An unprecedented and shocking inside view into 9/11, examining the ways in which the attacks continue to shape our future—politically and culturally.
“On that terrible day, a nation became a neighborhood. All Americans became New Yorkers.”
Following the attacks of September 11th, New York Governor George Pataki spoke words that touched American hearts, regardless of their generational, ethnic, or cultural background. Those words echo today with a hollow ring, even a bitter sting. The economic and emotional fallout post-9/11 was devastating. The political toll was even worse, bringing us to where we are today, a society as divided as the Civil War separated by political tribes that demand ideological purity coupled with blind loyalty.
Along with President George W. Bush and Mayor Rudy Giuliani, Pataki was only one of three people directly involved in, commanding, and making life or death decisions during 9/11. In looking at America and its divide, Pataki asks a bold question: Did the terrorists win?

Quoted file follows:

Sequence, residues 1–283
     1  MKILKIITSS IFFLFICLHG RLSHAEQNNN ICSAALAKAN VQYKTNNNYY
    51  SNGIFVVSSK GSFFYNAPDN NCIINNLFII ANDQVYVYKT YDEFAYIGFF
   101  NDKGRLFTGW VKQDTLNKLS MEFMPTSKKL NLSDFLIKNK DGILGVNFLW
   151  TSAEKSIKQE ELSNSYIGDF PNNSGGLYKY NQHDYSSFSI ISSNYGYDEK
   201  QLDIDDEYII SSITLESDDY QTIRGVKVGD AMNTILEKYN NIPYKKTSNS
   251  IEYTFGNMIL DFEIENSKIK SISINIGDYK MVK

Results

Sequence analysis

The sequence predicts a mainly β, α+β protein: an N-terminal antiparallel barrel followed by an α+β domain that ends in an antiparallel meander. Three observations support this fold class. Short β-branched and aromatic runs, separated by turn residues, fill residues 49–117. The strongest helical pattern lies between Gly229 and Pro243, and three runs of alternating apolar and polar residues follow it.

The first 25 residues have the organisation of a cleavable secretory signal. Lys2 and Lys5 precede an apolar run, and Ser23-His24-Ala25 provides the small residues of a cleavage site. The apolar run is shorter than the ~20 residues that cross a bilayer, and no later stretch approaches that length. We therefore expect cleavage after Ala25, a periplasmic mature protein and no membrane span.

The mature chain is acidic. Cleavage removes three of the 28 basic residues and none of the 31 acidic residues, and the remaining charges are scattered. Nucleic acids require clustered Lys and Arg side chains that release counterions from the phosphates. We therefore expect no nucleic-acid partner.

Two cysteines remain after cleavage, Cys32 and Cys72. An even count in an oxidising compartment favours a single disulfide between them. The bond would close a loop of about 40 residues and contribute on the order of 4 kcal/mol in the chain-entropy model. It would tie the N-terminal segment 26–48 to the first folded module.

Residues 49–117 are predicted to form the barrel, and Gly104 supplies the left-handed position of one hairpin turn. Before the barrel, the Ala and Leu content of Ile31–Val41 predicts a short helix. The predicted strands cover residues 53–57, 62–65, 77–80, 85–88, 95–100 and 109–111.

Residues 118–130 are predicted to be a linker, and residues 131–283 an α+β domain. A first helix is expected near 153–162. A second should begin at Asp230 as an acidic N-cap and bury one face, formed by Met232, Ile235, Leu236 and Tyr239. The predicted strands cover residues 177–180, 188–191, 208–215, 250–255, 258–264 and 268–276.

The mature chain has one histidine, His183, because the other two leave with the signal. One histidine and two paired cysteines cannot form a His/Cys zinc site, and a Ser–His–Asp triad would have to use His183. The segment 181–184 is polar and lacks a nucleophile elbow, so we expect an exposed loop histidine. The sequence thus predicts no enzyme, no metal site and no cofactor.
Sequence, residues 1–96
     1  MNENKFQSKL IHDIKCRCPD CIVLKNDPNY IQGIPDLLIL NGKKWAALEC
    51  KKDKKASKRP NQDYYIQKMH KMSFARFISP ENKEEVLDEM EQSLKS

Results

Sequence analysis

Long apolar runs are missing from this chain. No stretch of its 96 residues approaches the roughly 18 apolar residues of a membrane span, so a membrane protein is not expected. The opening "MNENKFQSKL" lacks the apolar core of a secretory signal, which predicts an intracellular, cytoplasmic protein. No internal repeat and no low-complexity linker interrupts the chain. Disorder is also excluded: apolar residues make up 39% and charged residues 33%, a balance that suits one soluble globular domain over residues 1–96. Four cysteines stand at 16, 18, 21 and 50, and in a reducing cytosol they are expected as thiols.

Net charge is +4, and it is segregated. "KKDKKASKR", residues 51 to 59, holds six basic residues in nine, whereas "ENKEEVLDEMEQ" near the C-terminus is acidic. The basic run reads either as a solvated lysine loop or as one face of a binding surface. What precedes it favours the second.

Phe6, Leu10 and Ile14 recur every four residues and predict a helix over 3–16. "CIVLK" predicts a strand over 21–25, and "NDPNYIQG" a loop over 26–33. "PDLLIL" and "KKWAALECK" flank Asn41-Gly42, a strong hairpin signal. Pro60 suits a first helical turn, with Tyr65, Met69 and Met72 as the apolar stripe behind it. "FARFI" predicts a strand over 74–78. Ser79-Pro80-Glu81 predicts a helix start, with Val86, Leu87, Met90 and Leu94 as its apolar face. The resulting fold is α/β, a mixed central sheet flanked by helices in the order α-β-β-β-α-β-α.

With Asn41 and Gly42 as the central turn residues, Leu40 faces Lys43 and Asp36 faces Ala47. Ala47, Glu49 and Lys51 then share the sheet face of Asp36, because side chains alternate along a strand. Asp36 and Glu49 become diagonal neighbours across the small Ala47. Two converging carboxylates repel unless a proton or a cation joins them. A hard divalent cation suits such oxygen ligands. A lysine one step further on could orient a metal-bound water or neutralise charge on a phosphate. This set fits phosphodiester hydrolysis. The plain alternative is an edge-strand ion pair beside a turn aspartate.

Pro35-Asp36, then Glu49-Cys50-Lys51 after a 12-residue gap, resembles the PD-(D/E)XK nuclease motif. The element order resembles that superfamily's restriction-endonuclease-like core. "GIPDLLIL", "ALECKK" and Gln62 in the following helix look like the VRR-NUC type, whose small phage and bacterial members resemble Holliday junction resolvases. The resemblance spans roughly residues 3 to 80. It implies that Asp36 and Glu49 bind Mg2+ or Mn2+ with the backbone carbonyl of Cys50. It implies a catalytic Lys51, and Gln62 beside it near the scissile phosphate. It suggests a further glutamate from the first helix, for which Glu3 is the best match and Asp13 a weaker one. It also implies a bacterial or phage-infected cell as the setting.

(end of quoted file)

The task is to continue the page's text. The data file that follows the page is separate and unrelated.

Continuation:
This is a question no sitting politician or pundit from either side of the political spectrum will dare address. Few have the experience or depth to even begin to dive into this subject; as a result, Pataki’s answers might disturb you.
Drawing on Pataki’s memories, notes, crises, and critical events, the book gives an unprecedented, shocking, heart-pounding inside view into what happened before, during, and after 9/11. The Governor reflects on where our country is today politically and culturally, as well as how we can rebuild and return to a more civil time when we were all Americans.
Now, almost twenty years since the deadliest terror attack on American soil, the Governor addresses and asks: In a fleeting point of history, we had a moment that unified us. We were a neighborhood. Can we, as a nation, recapture that?